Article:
West Africa’s diverse land, history, and culture are all important things to consider when studying the regions culinary culture and struggles with food security.  Each West African plate has a story to tell about the region’s climate, colonization, religion, and culture.  A thorough understanding of the region’s background allows us to see food as a story.

Jollof Rice


Jollof rice is one of the most popular dishes in West Africa.  Like other popular dishes in the region, there is a lot of variation in how the dish is served in different countries or regions within West Africa.  It is worth noting the importance that rice has played a significant role in the West African diet for much of history.  African rice, which is different from rice native to Asia, has been cultivated for thousands of years in West Africa, and many believe that it is the key to food security in the region.  Generally speaking, jollof rice consists of rice tomatoes or tomato paste, palm oil, onions, salt, spices (usually cumin, nutmeg, and ginger), and chili peppers. Depending on where you are, the rice can be served with meat (usually chicken), fish, and additional vegetables.  The origins of the dish can be traced back to the Senegambia region of Africa during the time of the Jolof Empire, hence the name jollof rice.  It is believed that the dish was likely spread by tradesmen through the Mali Empire along with rice-based agriculture and Islam.

Jollof rice has become a point of pride in West Africa.  There is a longstanding debate between Nigeria and Ghana over which country has the best jollof.  Celebrities and politicians from both countries have contributed to the debate by talking about how bad the jollof rice is from the other country. You can read more about the great Nigeria–Ghana jollof debate here:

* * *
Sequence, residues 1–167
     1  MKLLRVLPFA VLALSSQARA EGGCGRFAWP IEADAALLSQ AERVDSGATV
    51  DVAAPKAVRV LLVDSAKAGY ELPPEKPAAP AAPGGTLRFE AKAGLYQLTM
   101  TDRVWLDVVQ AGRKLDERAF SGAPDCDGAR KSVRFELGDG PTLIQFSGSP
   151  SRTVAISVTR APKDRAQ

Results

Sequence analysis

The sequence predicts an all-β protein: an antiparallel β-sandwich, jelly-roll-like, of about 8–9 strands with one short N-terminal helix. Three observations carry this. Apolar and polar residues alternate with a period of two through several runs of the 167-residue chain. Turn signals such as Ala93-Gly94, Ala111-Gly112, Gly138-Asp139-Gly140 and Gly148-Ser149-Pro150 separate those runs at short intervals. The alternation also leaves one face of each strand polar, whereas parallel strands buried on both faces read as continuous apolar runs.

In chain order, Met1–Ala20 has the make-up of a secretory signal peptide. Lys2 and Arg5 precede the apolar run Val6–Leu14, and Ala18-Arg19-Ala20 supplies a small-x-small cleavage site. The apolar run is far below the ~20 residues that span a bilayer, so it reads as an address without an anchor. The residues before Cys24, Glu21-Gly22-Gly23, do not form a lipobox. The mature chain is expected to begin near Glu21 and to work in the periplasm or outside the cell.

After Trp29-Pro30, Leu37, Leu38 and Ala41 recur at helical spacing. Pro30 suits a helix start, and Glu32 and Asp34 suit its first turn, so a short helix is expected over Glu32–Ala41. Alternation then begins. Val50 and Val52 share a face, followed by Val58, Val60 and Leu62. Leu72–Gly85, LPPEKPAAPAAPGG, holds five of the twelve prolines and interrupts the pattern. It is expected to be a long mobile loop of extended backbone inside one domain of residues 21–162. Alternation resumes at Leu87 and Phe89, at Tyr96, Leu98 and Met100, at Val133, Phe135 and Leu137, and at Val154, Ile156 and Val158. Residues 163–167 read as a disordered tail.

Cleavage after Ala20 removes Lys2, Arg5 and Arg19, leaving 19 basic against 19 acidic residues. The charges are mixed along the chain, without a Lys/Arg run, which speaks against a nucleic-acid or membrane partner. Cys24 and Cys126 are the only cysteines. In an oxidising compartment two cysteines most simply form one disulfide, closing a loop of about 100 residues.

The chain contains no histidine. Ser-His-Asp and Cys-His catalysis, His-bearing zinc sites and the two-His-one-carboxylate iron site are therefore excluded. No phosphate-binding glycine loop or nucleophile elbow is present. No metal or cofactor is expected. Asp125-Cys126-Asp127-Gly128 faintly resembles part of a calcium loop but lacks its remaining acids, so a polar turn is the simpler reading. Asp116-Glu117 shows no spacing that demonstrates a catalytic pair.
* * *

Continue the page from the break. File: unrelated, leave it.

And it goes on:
Jollof rice has played an important role in the history of food outside of Africa as well.  Jollof is widely accepted as an ancestor to many dishes that are eaten today in America, especially ones that originated from the Louisiana area such as jambalaya and gumbo.  The African diaspora brought the dish to the United States, and British colonizers even began to grow the African variety of rice in the American South.  One compared jollof in West Africa to pizza in the United States.  Everywhere you go, you will see the same basic ingredients, but everyone does it a little bit differently and everyone claims that their version is the best.  You can learn more about the significance of jollof rice’s influence on food in the United States here: Below is one recipe for jollof rice that I found on

Jollof Rice, A West African Staple

Follow this recipe to learn to make one of the most popular West African dishes, Jollof Rice, with this easy-to-follow recipe.


  • 2 medium tomatoes roughly chopped (about 5 ounces each)
  • 1/2 medium Scotch bonnet pepper or use a habanero pepper, stem removed
  • 1/2 medium onion roughly chopped
  • 3 small red bell peppers roughly chopped (about 5 ounces each)
  • 1/2 cup vegetable oil
  • 1 1/2 teaspoons salt
  • 1 teaspoon curry powder
  • 1 1/2 teaspoons hot ground chili pepper such as African dried chili or cayenne
  • 1 1/2 teaspoons garlic powder
  • 1 tablespoon plus
  • 1 teaspoon onion powder
  • 2 bay leaves
  • 1/2 teaspoon ground ginger
  • 1 tablespoon dried thyme
  • 2 1/2 cups medium-grain rice
  • Water as needed


  1. Combine tomatoes, scotch bonnet pepper and onions and purée in a blender.
  2. Pour half of the purée into a bowl and set aside for later.
  3. Add the bell peppers to the remaining mixture in the blender and blend until smooth.
  4. Add to the blender mixture that was set aside and blend all together.
  5. Heat vegetable oil in a large pot over medium heat.
  6. Add blended mixture along with the salt, curry powder, ground chili pepper, garlic powder, onion powder, bay leaves, ginger and thyme to oil. Bring mixture to a boil.
  7. Stir in the rice until well mixed, then reduce the heat to low.
  8. Cover pot and let cook until rice is al dente, about 45 minutes.
  9. After 25-30 minutes, check; if rice is too saucy, remove the lid to cook off the excess sauce. If too dry, add 1 to 2 cups water and stir.